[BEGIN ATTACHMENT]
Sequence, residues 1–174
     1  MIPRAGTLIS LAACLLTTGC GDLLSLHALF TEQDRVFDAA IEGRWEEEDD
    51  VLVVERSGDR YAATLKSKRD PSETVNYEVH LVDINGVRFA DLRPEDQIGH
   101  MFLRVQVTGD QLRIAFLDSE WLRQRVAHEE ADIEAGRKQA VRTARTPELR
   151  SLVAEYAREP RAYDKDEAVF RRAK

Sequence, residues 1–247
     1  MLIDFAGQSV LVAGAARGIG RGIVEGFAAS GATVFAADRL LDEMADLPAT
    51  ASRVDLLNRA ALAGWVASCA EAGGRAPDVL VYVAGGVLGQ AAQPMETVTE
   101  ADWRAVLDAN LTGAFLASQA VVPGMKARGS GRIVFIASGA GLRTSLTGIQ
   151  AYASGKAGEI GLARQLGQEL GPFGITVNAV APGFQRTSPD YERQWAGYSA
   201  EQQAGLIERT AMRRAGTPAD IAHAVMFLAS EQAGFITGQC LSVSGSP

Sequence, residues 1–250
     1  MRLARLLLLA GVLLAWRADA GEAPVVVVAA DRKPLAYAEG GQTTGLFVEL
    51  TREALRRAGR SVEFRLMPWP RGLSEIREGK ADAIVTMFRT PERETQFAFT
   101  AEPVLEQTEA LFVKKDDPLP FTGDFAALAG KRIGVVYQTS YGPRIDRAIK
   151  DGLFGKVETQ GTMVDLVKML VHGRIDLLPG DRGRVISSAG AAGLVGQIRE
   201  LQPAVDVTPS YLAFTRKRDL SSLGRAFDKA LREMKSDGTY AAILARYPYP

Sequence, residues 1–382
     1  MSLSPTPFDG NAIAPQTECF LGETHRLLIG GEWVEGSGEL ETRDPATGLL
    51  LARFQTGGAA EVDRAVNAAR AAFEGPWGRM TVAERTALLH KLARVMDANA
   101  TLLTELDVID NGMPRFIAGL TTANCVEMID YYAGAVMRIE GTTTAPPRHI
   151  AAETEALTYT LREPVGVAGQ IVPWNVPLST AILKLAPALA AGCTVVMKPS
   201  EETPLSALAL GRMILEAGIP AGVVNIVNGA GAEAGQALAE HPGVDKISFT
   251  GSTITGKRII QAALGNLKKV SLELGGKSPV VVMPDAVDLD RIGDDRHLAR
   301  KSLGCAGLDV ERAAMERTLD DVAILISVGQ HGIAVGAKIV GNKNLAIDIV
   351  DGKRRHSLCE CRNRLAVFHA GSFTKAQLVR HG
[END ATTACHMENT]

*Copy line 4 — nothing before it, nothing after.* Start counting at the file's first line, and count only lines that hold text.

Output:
   101  MFLRVQVTGD QLRIAFLDSE WLRQRVAHEE ADIEAGRKQA VRTARTPELR